Common snapping turtle

Chelydra serpentina

Quick Facts

  • Species

    Native

  • Size

    They can weigh up to 75 pounds with a 20 inch-long carapace but most are about 35 pounds with a 10-15 inch carapace.

  • Habitat

    Snapping turtles inhabit freshwater and brackish water territories. They prefer streams, rivers and lakes with soft bottoms. 

  • Range

    Snapping turtles inhabit the entire east coast of the United States from Maine to Florida and as far west as New Mexico. Snapping turtles have also been discovered in several other western states including California, Oregon and Washington. These turtles were most likely pets that were released into the wild.  

  • Lifespan

    Up to 100 years
  • Status

    Stable

The common snapping turtle is the largest freshwater turtle in the Chesapeake Bay watershed. It lives in both freshwater and brackish water environments. 

Appearance

Snapping turtles have large claws, an alligator-like tail, a thick shell and scaled legs. The top of their jaw extends over the lower half and their nostrils sit at the very top of their nose. 

Feeding

Their diet includes plants and animals. They will eat aquatic vegetation and hunt insects, reptiles, amphibians, small mammals and birds. 

Predators

Snapping turtles are most vulnerable when they are in eggs and newly hatched. At this stage they are preyed upon by foxes, coyotes, skunks, minks, fishers, raccoons, crows, herons, hawks, owls, bullfrogs, fish and snakes. Adult snapping turtles have very few predators but are sometimes attacked by river otters, bears and coyotes. In the southern United States, where their territory overlaps, snapping turtles are preyed upon by American alligators and alligator snapping turtles.   

Reproduction and Life Cycle

Mating always occurs in the water each spring between May and June. After mating, females will travel up to one mile to find a suitable nesting site. Females will dig a hole and lay 10-50 eggs and cover the eggs to hide them from predators. The eggs will hatch in August and the hatchlings travel to the nearest waterway. They will reach sexual maturity at 10-15 years old. During the coldest months of the year, snapping turtles will bury themselves in the mud and slow their metabolism. They can stretch their long necks up to the surface of the water to breathe or absorb oxygen from the water and mud.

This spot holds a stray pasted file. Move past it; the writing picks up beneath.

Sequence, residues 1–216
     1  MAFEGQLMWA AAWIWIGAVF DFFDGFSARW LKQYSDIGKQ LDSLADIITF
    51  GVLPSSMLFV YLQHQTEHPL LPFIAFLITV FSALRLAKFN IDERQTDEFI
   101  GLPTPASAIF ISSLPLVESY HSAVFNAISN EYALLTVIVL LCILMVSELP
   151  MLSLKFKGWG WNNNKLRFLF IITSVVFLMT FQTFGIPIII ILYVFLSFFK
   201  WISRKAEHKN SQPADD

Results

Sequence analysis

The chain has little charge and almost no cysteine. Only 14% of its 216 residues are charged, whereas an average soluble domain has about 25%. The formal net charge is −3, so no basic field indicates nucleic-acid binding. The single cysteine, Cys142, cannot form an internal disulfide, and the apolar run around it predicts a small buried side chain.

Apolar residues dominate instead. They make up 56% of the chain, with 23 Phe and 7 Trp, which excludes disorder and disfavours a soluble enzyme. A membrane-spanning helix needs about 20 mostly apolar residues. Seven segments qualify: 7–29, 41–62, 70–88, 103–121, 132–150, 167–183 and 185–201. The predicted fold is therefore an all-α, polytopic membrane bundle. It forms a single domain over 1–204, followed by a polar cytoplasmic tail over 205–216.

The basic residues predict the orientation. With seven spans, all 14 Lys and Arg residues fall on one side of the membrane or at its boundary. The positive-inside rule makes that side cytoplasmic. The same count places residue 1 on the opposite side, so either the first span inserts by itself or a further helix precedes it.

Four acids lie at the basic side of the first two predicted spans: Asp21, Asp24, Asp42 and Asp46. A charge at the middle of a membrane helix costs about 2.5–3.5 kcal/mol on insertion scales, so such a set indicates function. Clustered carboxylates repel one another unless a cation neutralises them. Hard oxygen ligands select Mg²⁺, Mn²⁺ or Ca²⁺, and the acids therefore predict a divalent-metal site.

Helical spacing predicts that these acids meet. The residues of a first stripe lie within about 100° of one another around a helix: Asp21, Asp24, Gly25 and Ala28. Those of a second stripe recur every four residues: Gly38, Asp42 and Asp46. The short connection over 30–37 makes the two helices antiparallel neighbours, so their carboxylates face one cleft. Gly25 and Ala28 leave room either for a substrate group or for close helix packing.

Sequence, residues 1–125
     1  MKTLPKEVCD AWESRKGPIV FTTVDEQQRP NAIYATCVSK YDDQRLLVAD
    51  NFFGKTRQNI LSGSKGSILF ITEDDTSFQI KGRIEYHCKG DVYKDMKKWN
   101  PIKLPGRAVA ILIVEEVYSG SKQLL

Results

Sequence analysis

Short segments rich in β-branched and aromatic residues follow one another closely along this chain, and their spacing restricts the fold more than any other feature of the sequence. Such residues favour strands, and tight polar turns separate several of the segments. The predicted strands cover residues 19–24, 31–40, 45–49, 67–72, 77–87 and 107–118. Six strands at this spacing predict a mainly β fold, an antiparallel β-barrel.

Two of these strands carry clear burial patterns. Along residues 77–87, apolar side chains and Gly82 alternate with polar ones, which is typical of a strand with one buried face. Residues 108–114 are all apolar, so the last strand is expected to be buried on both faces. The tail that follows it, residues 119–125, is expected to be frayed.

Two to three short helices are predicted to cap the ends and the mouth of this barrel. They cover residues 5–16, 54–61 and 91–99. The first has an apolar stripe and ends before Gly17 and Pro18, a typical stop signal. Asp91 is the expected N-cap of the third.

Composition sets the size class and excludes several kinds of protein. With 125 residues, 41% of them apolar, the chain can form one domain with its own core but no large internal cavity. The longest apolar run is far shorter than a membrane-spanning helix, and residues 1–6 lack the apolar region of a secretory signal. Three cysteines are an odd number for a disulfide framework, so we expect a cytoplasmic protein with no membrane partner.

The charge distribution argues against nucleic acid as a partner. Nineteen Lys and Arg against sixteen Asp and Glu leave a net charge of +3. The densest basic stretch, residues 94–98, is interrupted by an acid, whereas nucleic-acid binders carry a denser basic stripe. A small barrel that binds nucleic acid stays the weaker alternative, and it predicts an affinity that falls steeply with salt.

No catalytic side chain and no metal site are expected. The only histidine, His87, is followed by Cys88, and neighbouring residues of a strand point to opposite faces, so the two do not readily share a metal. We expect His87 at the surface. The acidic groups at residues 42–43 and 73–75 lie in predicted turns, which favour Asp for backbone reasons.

Did You Know?

  • The snapping turtle is the state reptile of New York.
  • Some scientists believe that snapping turtles use the earth's magnetic field to navigate to nesting sites.
  • Snapping turtles are hunted for food in the United States and exported to other countries for the international aquaculture business and as canned meat. In 2016, the common snapping turtle was one of four turtles listed in the Endangered Species of Wild Fauna and Flora (CITES). The listing meant that all international trade of snapping turtles would be monitored to protect the population.
  • Hunters and anglers should always check with their local wildlife department to see if there are consumption advisories in place for fish and turtles. As a predatory aquatic species, snapping turtles can accumulate toxins that make them unsafe to eat.
  • The related alligator snapping turtle, which can grow much larger, has only been spotted in the watershed as a released species and not a native species that can survive our cold winters. In 2020, a 65-pound alligator snapping turtle was captured in Alexandria, Virginia and transferred to the Virginia Zoo in Norfolk, Virginia.

Sources and Additional Information

Quick Facts

  • Species

    Native

  • Size

    They can weigh up to 75 pounds with a 20 inch-long carapace but most are about 35 pounds with a 10-15 inch carapace.

  • Habitat

    Snapping turtles inhabit freshwater and brackish water territories. They prefer streams, rivers and lakes with soft bottoms. 

  • Range

    Snapping turtles inhabit the entire east coast of the United States from Maine to Florida and as far west as New Mexico. Snapping turtles have also been discovered in several other western states including California, Oregon and Washington. These turtles were most likely pets that were released into the wild.  

  • Lifespan

    Up to 100 years
  • Status

    Stable